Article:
Why choose a wrist watch?

Why choose a wrist watch?

There are many fantastic brands in the market at the moment all providing good quality watches for the type of price I'm making mine for. So why choose Omologato?

I've often wondered when buying something why I want it. Is it the quality or the design or perhaps what it stands for? Generally Gentlemen don't wear much jewellery, the only thing that shows their personality to the world is a good watch. 

It wasn't so long ago that your father would hand you a gold-plated watch on your 21st birthday and that would be that. It never crossed a man's mind that he might need to add another two or three by the time he hit 30. And it certainly never crossed his mind that when he reached 40 he might be grateful to receive a smart wooden box with different felt-lined compartments in which to keep his "collection" of watches.

The fact that men are still buying and cherishing quality timepieces is of great comfort to an industry that, in the early 1970s, thought its time, if you will excuse the pun, had come. The invention of the quartz watch (in analog or digital form) in 1967 might initially have been hailed a great technological achievement, but it wasn't long before it was also seen as the biggest challenge the traditional timepiece had faced since the wristwatch first became popular at the end of the first world war. The fact that a cheap Casio with a flashing LED time display was what every young hipster soon craved, coupled with the economic doldrums in which the world found itself in the 1970s, spelled disaster.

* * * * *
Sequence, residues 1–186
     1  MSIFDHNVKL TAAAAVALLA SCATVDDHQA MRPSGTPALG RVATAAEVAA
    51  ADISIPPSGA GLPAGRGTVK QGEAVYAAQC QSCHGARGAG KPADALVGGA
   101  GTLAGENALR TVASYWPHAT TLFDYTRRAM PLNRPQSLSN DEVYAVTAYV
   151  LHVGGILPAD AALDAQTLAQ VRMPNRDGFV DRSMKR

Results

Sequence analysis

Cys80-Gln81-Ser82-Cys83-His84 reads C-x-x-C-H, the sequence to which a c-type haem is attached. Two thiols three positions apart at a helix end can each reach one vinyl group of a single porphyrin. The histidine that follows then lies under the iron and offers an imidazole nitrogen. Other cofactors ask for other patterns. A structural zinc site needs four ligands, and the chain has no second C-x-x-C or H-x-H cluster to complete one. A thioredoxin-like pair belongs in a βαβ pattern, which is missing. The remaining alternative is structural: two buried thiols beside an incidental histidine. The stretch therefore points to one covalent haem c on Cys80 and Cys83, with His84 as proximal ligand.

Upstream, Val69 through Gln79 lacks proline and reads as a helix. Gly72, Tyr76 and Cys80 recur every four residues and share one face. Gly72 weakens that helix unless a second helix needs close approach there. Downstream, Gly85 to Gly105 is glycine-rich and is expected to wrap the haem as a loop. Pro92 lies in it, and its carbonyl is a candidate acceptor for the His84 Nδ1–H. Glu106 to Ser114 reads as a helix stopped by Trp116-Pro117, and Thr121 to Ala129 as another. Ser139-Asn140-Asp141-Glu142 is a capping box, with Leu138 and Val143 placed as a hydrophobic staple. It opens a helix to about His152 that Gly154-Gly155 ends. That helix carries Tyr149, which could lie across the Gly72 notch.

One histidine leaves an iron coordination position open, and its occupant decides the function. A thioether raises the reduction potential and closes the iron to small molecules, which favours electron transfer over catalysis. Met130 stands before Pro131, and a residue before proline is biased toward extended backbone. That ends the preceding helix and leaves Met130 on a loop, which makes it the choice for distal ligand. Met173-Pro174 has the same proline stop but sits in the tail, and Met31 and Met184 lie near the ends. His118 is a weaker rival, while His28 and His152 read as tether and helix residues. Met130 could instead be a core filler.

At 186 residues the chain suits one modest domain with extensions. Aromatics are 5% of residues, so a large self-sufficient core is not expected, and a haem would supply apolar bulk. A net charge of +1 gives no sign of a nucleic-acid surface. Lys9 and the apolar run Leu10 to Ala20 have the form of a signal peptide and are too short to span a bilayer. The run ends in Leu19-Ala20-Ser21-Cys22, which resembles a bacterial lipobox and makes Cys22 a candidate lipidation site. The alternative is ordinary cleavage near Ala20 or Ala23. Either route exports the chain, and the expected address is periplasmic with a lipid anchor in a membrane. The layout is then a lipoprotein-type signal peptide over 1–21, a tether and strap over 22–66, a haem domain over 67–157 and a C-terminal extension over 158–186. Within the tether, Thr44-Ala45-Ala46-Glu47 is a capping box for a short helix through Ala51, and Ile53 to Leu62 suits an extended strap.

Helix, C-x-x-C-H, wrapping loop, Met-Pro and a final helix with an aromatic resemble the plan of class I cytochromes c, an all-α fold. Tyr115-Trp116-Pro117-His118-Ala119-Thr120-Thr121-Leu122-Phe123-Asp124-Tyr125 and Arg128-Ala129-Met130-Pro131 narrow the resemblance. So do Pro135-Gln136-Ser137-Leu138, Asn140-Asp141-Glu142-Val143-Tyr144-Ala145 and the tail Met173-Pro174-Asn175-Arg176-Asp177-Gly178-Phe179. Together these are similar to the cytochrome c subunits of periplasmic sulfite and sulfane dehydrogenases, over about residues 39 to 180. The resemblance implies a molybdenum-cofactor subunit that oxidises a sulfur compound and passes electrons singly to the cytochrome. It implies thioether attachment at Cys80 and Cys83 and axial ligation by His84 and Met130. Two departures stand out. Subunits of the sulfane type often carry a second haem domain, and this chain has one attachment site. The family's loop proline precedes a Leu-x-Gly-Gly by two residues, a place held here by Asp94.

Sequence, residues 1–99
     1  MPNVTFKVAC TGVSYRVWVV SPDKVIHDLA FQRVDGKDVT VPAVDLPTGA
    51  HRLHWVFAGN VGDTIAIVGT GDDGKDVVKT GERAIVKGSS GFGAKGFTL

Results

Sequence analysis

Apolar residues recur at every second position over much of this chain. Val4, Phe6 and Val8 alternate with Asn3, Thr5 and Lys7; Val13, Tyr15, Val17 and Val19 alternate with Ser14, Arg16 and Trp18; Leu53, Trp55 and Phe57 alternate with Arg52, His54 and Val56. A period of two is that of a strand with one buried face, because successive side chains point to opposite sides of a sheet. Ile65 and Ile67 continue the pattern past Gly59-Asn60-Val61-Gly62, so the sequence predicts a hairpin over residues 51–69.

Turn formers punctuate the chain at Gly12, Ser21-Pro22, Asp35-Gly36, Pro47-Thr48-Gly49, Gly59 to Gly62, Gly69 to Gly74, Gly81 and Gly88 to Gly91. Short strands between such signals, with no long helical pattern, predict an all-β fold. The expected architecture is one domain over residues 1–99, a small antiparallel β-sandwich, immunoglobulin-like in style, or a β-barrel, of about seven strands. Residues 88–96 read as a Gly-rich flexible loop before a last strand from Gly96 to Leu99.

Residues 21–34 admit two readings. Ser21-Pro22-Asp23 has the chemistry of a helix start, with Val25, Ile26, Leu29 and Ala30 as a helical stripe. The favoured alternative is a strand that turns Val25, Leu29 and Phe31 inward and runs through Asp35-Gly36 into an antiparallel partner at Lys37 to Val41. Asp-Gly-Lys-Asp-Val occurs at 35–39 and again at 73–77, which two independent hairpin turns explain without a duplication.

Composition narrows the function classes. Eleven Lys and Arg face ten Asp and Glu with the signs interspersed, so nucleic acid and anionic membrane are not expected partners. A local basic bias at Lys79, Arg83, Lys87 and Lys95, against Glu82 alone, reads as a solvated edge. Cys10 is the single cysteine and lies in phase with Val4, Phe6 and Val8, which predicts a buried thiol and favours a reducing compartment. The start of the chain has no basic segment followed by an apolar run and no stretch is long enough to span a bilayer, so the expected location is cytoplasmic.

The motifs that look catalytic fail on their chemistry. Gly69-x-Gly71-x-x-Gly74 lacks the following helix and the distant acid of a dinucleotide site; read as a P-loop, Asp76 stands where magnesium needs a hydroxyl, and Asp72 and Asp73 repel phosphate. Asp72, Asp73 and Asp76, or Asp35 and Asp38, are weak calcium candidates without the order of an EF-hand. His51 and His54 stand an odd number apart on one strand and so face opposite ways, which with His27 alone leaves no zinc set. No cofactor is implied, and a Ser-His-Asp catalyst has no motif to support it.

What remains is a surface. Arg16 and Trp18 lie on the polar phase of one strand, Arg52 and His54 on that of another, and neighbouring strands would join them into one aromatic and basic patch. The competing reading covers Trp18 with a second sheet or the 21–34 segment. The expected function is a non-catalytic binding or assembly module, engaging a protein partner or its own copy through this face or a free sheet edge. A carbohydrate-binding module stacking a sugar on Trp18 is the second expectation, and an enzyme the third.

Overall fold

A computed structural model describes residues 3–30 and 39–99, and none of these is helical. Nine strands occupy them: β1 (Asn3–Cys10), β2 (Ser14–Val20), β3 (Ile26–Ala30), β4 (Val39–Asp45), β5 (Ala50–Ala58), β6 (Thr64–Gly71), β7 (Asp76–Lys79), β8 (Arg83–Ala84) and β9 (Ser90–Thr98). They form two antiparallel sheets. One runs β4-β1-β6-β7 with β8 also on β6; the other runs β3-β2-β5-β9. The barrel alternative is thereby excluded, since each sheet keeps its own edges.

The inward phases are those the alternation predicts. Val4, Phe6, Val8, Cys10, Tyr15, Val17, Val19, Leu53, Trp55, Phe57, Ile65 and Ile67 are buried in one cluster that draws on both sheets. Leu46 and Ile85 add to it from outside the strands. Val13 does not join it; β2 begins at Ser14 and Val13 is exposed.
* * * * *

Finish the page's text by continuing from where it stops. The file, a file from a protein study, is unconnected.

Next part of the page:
It took a few years of navel-gazing and re-evaluating what a watch was truly for before, in the mid-1980s, a few forceful and inventive characters in the industry came back with a design philosophy and marketing programme that brought the sector back from the brink. These horological pioneers decided that watches would not merely be timekeepers, they would be mini-masterpieces that showcased extreme craftsmanship, represented tradition, incorporated technology and embraced innovation. They would effectively be a Savile Row suit, Ferrari sports car, Mayfair member's club and Nasa spaceship rolled into one package that could sit neatly on your wrist.

The idea that technology would deal a fatal blow to the watch, simply hasn't panned out. Men now own mobile phones as well as, not instead of, their timepieces. Watches are one of the few items that a man can wear that he believes display true character, signal that he is a member of a particular club – whether it's an Audemars Piguet or an Omologato.

Whether it cost £50 or £5,000, men clock the watch in the same way some women might take note of another's shoes. It's what we do. And the watch industry is very happy about that.

Shami Kalra